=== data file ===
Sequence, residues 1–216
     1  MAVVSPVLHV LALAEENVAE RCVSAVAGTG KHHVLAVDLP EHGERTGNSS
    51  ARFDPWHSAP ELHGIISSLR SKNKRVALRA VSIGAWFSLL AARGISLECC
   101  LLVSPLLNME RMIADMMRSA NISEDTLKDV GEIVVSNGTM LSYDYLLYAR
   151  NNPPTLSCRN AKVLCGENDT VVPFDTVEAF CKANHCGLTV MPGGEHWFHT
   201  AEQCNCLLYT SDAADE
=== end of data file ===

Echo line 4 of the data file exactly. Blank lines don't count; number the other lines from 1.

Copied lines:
   101  LLVSPLLNME RMIADMMRSA NISEDTLKDV GEIVVSNGTM LSYDYLLYAR